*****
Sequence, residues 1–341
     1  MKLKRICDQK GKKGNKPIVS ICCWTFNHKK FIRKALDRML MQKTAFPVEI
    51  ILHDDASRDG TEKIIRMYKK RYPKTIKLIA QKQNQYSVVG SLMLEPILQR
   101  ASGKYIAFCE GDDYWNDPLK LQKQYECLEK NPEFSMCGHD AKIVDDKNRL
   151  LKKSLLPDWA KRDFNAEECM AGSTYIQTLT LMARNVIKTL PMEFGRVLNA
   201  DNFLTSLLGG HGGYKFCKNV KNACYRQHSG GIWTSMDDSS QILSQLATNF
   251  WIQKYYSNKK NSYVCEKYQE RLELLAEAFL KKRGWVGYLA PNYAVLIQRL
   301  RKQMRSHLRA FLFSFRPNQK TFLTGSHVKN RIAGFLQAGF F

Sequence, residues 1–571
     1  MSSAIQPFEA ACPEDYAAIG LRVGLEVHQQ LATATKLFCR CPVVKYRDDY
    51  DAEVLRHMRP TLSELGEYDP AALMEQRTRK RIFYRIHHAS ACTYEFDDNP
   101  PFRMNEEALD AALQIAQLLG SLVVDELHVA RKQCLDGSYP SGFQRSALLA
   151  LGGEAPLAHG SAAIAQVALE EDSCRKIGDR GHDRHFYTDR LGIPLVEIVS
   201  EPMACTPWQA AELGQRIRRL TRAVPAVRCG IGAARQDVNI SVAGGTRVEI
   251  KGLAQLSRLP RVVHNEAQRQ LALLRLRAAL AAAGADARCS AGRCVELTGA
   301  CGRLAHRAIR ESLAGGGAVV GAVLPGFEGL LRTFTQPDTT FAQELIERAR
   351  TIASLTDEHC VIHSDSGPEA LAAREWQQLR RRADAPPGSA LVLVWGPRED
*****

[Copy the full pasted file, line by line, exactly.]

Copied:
Sequence, residues 1–341
     1  MKLKRICDQK GKKGNKPIVS ICCWTFNHKK FIRKALDRML MQKTAFPVEI
    51  ILHDDASRDG TEKIIRMYKK RYPKTIKLIA QKQNQYSVVG SLMLEPILQR
   101  ASGKYIAFCE GDDYWNDPLK LQKQYECLEK NPEFSMCGHD AKIVDDKNRL
   151  LKKSLLPDWA KRDFNAEECM AGSTYIQTLT LMARNVIKTL PMEFGRVLNA
   201  DNFLTSLLGG HGGYKFCKNV KNACYRQHSG GIWTSMDDSS QILSQLATNF
   251  WIQKYYSNKK NSYVCEKYQE RLELLAEAFL KKRGWVGYLA PNYAVLIQRL
   301  RKQMRSHLRA FLFSFRPNQK TFLTGSHVKN RIAGFLQAGF F

Sequence, residues 1–571
     1  MSSAIQPFEA ACPEDYAAIG LRVGLEVHQQ LATATKLFCR CPVVKYRDDY
    51  DAEVLRHMRP TLSELGEYDP AALMEQRTRK RIFYRIHHAS ACTYEFDDNP
   101  PFRMNEEALD AALQIAQLLG SLVVDELHVA RKQCLDGSYP SGFQRSALLA
   151  LGGEAPLAHG SAAIAQVALE EDSCRKIGDR GHDRHFYTDR LGIPLVEIVS
   201  EPMACTPWQA AELGQRIRRL TRAVPAVRCG IGAARQDVNI SVAGGTRVEI
   251  KGLAQLSRLP RVVHNEAQRQ LALLRLRAAL AAAGADARCS AGRCVELTGA
   301  CGRLAHRAIR ESLAGGGAVV GAVLPGFEGL LRTFTQPDTT FAQELIERAR
   351  TIASLTDEHC VIHSDSGPEA LAAREWQQLR RRADAPPGSA LVLVWGPRED